Sylvanus Ripley was a charity scholar at Moor’s Indian Charity School who became one of Dartmouth College’s first professors and Eleazar Wheelock’s son-in-law. After a brief stint at Moor’s proper, Ripley entered Yale in 1768. He undertook several short missions to the Canadian tribes in the early 1770s to seek out a new source of Native American students for Wheelock. His longest mission, from May to September of 1772, garnered 10 students from Kahnawake, the Catholic Canadian settlement. Ripley was an important figure in Dartmouth’s early history: in addition to serving as preceptor of Moor’s from 1775 until 1779, he was a tutor at Dartmouth from 1772 until 1782, a trustee of Dartmouth from 1775 until 1787, and the College’s professor of divinity from 1782 until 1787 (sources differ as to whether Ripley was ever formally ordained). He was also very involved in the political conflicts that characterized the town’s early history. Ripley died in 1787, at age 37, after being thrown from a sleigh.

Wheelock, Rodulphus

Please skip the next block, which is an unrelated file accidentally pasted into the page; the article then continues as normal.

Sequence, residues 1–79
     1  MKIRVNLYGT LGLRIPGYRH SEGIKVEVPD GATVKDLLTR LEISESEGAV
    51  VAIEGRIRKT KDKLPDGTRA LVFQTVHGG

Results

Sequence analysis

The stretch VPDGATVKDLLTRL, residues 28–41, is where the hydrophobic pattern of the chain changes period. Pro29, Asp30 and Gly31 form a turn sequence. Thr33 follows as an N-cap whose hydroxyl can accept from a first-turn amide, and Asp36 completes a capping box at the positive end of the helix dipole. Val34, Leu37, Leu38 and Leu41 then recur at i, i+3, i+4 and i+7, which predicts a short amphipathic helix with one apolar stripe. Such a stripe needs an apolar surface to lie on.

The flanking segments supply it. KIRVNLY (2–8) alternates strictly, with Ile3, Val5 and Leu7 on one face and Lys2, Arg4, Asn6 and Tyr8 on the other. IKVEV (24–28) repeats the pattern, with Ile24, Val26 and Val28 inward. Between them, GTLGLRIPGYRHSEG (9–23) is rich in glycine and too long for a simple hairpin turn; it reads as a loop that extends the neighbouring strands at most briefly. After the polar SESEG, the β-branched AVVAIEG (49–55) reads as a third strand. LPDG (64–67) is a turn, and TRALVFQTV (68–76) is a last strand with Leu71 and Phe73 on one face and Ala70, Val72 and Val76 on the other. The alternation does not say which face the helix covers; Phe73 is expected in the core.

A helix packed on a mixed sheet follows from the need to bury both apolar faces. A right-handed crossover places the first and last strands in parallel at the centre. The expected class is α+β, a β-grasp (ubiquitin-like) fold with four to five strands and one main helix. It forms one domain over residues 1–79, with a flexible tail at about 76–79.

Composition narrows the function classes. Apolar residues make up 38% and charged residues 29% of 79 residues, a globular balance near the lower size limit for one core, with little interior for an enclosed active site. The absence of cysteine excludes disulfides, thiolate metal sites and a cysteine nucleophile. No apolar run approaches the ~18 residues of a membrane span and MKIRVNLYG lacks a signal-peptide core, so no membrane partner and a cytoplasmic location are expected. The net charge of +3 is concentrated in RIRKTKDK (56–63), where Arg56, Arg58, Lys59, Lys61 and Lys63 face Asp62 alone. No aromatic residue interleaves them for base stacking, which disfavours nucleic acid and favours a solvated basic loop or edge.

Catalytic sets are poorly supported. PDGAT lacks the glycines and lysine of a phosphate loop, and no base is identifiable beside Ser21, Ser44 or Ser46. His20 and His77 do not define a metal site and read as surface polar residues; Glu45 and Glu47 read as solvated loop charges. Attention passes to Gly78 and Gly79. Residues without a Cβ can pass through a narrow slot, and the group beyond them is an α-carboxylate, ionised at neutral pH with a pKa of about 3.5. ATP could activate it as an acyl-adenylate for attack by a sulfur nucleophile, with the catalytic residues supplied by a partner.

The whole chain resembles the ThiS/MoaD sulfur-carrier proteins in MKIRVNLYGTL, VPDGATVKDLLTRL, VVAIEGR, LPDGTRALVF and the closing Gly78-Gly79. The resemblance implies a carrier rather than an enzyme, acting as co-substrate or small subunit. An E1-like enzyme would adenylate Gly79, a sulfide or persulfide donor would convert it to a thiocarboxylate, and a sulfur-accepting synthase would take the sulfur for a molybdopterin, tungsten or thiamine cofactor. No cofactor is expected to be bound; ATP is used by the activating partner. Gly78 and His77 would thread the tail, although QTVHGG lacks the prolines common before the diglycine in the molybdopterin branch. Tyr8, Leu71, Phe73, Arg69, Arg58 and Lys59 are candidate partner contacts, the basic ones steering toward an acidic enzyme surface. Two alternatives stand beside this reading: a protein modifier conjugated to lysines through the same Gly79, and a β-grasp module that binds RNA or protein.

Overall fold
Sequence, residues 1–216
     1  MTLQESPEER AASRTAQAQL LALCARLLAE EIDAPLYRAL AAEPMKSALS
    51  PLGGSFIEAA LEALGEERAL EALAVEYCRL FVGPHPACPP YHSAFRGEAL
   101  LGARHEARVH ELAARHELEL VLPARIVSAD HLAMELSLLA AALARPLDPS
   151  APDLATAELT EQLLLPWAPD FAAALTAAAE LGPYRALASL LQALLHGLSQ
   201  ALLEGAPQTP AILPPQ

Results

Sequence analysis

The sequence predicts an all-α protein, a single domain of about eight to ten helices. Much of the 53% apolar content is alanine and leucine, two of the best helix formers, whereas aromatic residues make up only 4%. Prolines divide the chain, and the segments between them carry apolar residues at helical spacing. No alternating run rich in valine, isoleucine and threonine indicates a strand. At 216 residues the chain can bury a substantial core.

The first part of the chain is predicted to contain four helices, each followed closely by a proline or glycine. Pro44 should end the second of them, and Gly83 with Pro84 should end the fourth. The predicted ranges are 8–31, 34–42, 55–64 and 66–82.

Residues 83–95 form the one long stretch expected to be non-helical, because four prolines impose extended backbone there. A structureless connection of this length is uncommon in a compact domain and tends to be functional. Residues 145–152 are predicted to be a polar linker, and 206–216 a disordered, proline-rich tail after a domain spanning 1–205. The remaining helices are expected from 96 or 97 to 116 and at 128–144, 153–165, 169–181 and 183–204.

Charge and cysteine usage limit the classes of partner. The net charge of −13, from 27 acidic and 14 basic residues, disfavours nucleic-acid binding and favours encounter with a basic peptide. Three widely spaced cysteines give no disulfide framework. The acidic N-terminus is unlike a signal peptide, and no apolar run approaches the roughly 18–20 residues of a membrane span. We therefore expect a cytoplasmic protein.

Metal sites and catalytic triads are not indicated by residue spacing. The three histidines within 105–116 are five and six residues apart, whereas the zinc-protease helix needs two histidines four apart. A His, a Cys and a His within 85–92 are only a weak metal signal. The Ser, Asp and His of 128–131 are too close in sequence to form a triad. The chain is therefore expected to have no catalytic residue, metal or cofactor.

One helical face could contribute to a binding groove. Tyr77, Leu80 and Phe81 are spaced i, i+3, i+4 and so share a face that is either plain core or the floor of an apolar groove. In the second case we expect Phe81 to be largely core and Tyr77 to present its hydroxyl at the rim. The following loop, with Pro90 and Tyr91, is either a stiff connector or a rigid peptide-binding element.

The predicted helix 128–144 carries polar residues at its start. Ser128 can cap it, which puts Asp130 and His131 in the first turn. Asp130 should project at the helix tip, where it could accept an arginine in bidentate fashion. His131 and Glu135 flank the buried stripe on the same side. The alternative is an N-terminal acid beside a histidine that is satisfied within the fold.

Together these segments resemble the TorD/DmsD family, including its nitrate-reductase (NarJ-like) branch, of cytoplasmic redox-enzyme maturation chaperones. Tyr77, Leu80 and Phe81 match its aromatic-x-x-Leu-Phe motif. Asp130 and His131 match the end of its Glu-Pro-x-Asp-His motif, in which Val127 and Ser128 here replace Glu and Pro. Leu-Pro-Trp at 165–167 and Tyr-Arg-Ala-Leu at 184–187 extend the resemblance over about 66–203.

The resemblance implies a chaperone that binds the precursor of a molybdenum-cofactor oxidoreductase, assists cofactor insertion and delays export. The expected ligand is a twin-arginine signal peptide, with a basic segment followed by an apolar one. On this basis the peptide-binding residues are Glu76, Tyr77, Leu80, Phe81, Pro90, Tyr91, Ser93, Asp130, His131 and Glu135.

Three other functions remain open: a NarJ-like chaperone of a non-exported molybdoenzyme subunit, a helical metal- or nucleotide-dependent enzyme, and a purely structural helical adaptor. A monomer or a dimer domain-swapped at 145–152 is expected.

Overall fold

Ralph Rodulphus Wheelock was Wheelock's oldest son and heir apparent. While Wheelock believed that Ralph showed great aptitude for the "Indian business," others saw Ralph as arrogant and abrasive. He also suffered from epilepsy, which seriously impeded his ability to work. He died in Hanover as an invalid under almost constant care and guardianship. Wheelock's struggle to accept his son's illness and his son's struggle to overcome it provide an undercurrent for some of the stranger events in the history of Moor's Indian Charity School and Dartmouth College. Ralph grew up surrounded by and dedicated to Indian education, but also with an inflated sense of Wheelock's, and his own, importance, which stayed with him for much of his life. Joseph Brant recounts a telling anecdote: Ralph once ordered William Major, Sir William Johnson's son, to saddle his horse on the grounds that he was the son of a gentleman and William Major was not. Ralph was unable to finish coursework at the College of New Jersey, which he attended from 1761-1763, although he graduated from Yale in 1765. He made three tours of the Six Nations (in 1766, 1767, and 1768), assisting ministers in bringing back children and negotiating with tribes. He taught at Moor's for two years, and was briefly considered as a companion for Occom on the Fundraising Tour. Wheelock formally named him as his heir in the 1768 draft of his will. However, Wheelock's reliance on Ralph brought disastrous consequences for the school. In the spring of 1768, Wheelock sent Ralph to the Onondagas and Oneidas to negotiate about schoolmasters and missionaries. Once there, Ralph managed to offend the assembled chiefs beyond repair. Ralph blamed his failure on Kirkland, and it was not until 1772 that Wheelock learned the truth of the matter. It is likely that Ralph's conduct influenced the Oneidas' decision to pull their children out of Moor's later in 1768: Wheelock himself implied as much in his 1771 Journal. By the early 1770s, Wheelock had realized that Ralph was never going to take over Dartmouth College. In a later will, Wheelock provided Ralph with £50 per annum for his care, to be paid out by the College, and stipulated that his other heirs should look after his oldest son. Because Ralph was unable to serve as Wheelock's heir, the presidency of the College passed to John Wheelock, a soldier who had no theological training or desire to run a college.